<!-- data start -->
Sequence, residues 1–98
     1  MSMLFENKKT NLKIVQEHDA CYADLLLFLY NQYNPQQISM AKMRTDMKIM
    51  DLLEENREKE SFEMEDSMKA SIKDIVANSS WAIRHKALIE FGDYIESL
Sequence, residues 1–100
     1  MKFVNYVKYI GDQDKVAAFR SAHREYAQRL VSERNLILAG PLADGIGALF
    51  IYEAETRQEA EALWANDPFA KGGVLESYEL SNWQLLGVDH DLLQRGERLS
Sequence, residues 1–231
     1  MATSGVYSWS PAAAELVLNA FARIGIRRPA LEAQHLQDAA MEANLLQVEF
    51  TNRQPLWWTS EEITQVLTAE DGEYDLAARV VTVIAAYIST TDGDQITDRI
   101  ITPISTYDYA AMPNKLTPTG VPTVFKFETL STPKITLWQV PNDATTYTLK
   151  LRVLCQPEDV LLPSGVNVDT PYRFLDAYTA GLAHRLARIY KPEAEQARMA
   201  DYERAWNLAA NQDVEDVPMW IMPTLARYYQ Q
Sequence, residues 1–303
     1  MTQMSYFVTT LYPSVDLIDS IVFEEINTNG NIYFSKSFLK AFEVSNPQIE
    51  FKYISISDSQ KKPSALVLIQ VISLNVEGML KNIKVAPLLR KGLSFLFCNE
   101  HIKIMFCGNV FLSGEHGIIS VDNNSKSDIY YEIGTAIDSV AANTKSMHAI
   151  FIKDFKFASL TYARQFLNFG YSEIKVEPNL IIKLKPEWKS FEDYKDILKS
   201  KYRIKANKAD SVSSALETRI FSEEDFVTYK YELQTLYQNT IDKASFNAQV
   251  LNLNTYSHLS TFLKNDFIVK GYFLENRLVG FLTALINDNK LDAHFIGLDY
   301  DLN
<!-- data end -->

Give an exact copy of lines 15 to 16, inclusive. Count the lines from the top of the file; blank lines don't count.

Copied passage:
    51  FKYISISDSQ KKPSALVLIQ VISLNVEGML KNIKVAPLLR KGLSFLFCNE
   101  HIKIMFCGNV FLSGEHGIIS VDNNSKSDIY YEIGTAIDSV AANTKSMHAI